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The Best Parallel Clamps for Woodworking Projects

Of all the woodworking clamps sold, the parallel clamp is arguably the most accurate.  But it is also the most expensive. And while the best parallel clamps come down to a bit of brand preference there are also features of the top clamp brand to consider.

First, a parallel clamp is as simple as two large jaws that stay parallel during assembly and clamping. 

Why do woodworkers want these types of clamps? Well, for precision glue-ups of boxes and furniture they outperform a standard pipe or f-clamp. And they won’t mar soft wood as easily, all of which make having a pair or two on the wall worth it.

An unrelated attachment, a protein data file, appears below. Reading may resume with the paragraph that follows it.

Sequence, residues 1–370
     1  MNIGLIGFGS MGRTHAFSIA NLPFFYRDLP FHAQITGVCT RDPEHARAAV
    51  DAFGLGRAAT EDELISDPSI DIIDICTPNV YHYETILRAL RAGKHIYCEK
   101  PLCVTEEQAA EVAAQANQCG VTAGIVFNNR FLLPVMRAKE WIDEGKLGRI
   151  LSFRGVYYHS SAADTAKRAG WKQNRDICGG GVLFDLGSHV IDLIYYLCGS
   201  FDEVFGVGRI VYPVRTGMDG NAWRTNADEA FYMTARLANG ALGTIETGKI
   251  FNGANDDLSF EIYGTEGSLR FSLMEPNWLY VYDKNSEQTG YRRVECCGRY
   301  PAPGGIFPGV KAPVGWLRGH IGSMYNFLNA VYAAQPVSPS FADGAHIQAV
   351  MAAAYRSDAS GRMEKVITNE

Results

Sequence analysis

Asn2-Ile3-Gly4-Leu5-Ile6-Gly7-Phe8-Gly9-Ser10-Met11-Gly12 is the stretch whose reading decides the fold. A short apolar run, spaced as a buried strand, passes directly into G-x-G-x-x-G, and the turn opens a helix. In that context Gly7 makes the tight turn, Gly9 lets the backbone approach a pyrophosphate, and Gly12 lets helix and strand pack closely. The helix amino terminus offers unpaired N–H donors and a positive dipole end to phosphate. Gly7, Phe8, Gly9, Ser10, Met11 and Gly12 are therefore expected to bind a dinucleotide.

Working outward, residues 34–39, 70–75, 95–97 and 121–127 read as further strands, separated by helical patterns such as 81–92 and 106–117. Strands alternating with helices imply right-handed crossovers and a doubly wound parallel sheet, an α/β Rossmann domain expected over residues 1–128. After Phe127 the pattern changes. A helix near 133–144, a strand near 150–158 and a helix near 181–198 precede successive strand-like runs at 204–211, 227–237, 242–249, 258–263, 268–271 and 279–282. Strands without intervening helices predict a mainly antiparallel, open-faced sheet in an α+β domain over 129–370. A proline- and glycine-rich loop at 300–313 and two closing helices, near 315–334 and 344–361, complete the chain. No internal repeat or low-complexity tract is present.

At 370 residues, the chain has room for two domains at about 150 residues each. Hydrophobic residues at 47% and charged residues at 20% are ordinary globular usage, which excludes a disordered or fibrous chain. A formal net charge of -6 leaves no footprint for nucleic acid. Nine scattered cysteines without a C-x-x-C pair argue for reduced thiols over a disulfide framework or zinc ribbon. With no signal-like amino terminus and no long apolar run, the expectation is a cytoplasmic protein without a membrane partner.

Top Picks

Best overall pressure:

Top Bessey alternative:

Budget pick:

Best value:

Wall storage rack:

Last updated on 2022-12-06 at 10:43 // Source: Amazon Affiliates

Buying Guide: Best Parallel Clamps

As most woodworkers know, a parallel clamp is expensive. 

While you can use bar or pipe clamps for gluing panels, when it comes to precision gluing without damaging the wood a parallel clamp is a justified purchase.

Features That Matter Between Brands

  • Jaws stay perfectly at 90-degrees while clamping
  • Reversible jaws
  • Clamping power in PSI
  • Comfort of grip (it is a twisting force)
  • Accessories like clamp blocks
  • Variety of lengths
  • Stainless steel bar

What is a Parallel Clamp

Let’s start off with understanding what makes a parallel clamp unique. First, and as you might have guessed, the jaws are not only parallel but offer a HUGE clamping surface that extends around 4″ from the I-beam design found on most of these clamps. 

Key features of these clamps: